DFE (active from 1963 to 1985) was David DePatie who had been the LAST producer with Warner Brothers before the close and Friz Freleng an animator, cartoonist, director, and producer. With the rampant success of “The Pink Panther” movie, they were asked to create a cartoon series around the profound feline, after that then a cartoon based on Inspector Clouseau, “The Inspector”. There was also “Roland and Rattfink”, “The Ant and the Aardvark”, “Tijuana Toads”, “The Blue Racer”, “Hoot Kloot”, and “The Dogfather”; these cartoons were theatrically released. DFE also produced TV series and specials that ranged from new Looney Tunes/Merrie Melodies cartoons that Warner Brothers commissioned DFE to make also a few of their TV shows were “Misterjaw”, “Crazyleg Crane”, “The Super 6”, “Spider Woman” “Doctor Snuggles”, and “What’s New, Mr. Magoo”. DFE was certain not hurting for work during this time.

I am less familiar with DFE’s TV shows outside of “The Pink Panther Show” and “Doctor Snuggles”, but pleased to know that they had built a lucrative business throughout the 60’s, 70’s, and into the 80’s, which also included animation for commercials, one of the biggies being Charlie the Tuna for Starkist Tuna.

It definitely should be noted that most of the animators that worked with DePatie and Freleng were originally with Warner Brothers. This can be seen in a number of cartoons that either remind you of other characters or plots that felt recycled from Looney Tunes cartoons. The Tijuana Toads remind you of Speedy Gonzalez and characters associated with him. DFE made these new Looney Tunes/Merrie Melodies cartoons from 1964 to 1967, while producing Pink Panther and Inspector cartoons. DFE lasted until the early 80’s when they were sold to Marvel in 1981 was turned into Marvel Productions, Ltd. Maybe a precursor for things to come was when DFE produced a cartoon of Spider-Woman in 1979.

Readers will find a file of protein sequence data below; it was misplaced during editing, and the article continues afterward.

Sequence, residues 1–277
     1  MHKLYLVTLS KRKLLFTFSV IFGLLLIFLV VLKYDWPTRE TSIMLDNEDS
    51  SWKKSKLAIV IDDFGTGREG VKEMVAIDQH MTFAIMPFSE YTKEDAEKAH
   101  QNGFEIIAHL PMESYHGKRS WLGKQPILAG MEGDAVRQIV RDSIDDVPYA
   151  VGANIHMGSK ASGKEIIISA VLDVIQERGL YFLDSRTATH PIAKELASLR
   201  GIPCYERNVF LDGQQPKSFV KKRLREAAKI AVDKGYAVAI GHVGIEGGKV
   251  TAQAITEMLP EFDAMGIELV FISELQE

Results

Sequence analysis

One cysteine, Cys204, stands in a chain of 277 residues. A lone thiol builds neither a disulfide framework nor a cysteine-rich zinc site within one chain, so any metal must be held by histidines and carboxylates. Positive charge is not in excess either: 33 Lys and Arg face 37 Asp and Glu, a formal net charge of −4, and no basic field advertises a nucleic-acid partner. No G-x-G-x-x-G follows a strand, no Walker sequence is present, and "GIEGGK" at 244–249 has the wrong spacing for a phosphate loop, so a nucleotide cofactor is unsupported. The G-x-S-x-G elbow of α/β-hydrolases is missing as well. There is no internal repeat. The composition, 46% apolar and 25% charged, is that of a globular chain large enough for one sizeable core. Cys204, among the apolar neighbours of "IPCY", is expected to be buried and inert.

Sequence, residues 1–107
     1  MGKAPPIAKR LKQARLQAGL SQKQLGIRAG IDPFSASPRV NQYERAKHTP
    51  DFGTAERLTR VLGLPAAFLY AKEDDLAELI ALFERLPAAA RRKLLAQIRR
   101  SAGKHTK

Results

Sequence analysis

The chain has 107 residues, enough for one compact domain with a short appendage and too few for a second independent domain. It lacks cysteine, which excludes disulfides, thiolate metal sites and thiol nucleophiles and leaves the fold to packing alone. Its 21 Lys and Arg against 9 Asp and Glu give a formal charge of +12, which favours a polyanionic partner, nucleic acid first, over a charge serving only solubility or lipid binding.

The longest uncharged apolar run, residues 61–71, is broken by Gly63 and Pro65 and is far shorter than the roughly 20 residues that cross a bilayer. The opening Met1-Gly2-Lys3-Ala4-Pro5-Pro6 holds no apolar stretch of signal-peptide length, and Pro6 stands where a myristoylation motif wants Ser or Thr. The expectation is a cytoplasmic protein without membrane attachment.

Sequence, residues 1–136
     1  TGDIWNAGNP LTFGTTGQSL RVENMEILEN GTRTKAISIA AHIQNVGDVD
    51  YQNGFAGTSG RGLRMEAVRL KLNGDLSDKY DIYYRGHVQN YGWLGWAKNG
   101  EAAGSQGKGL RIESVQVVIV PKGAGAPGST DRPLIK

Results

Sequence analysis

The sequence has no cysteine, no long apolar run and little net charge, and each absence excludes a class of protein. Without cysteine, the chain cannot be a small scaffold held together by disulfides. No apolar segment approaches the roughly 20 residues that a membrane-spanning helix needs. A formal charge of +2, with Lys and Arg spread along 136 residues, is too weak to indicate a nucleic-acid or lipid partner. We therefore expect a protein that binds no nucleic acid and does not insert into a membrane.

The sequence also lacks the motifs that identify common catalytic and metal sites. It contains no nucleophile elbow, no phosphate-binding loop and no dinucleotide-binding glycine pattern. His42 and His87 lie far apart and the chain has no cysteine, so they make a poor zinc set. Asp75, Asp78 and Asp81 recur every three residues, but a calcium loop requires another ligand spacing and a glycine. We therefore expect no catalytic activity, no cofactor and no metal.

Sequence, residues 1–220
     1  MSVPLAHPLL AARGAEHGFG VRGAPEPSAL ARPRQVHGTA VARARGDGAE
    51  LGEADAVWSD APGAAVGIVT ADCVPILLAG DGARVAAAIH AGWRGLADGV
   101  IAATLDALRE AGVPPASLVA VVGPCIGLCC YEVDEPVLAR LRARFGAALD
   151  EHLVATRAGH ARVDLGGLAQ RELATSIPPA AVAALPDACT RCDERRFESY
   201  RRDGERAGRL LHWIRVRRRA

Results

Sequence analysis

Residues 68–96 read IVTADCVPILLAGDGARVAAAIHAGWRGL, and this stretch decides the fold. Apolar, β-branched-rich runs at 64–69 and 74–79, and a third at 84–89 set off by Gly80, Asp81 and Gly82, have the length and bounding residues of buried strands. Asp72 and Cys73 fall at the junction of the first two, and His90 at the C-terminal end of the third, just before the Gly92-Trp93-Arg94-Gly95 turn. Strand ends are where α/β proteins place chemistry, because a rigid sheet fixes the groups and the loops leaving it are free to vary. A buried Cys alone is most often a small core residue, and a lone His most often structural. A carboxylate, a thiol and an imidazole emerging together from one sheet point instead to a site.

So, what are some of the things that draw me to these cartoons? Well, I was always amused that they could tell a story with no dialogue. That you could have a 6 minute story and not have the any of the character say a word, all that was there were was the music and some sound effects. It was great. Probably a reason that I love stories and quite possible a reason I got into writing, because with the written word you have no sound you have to be able to explain why something happen (Show, not Tell). You have to use your imagination. Of course one other reason is because of that snappy jazzy little tune by Henry Mancini only added to the fun. Oh and I mustn’t forget, HE WAS PANK! The Pink Panther was PANK! What little girl wouldn’t appeal to a giant pink kitty! Okay, that might be a stretch, but I did like pink a lot back in the day (we can discuss my fall out with the colour pink another time). I am not sure which was my first Pink cartoon, but there were 2 that I remember vividly: “Pickled Pink” and “Psychedelic Pink”. “Psychedelic Pink” is a mind trip to this day, but something about it just makes me happy.